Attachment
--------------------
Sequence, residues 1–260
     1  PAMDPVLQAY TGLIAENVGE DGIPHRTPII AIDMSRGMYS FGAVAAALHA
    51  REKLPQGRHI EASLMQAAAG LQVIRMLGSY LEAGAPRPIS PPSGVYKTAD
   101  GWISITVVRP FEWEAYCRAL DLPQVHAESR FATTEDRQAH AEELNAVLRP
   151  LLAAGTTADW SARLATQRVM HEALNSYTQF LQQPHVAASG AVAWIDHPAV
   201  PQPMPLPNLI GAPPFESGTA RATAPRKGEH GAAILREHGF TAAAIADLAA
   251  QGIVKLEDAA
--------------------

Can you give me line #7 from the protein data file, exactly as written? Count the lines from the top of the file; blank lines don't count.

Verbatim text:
   251  QGIVKLEDAA